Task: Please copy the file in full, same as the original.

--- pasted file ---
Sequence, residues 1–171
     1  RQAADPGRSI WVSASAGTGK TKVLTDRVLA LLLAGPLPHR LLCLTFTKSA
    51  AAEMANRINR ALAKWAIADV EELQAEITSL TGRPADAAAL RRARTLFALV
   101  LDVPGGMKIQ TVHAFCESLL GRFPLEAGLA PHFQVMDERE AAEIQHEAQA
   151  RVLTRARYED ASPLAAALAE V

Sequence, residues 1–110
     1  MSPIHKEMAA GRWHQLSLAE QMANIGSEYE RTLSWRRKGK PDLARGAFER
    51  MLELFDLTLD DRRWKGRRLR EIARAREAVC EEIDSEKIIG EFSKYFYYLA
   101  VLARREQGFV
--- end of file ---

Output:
Sequence, residues 1–171
     1  RQAADPGRSI WVSASAGTGK TKVLTDRVLA LLLAGPLPHR LLCLTFTKSA
    51  AAEMANRINR ALAKWAIADV EELQAEITSL TGRPADAAAL RRARTLFALV
   101  LDVPGGMKIQ TVHAFCESLL GRFPLEAGLA PHFQVMDERE AAEIQHEAQA
   151  RVLTRARYED ASPLAAALAE V

Sequence, residues 1–110
     1  MSPIHKEMAA GRWHQLSLAE QMANIGSEYE RTLSWRRKGK PDLARGAFER
    51  MLELFDLTLD DRRWKGRRLR EIARAREAVC EEIDSEKIIG EFSKYFYYLA
   101  VLARREQGFV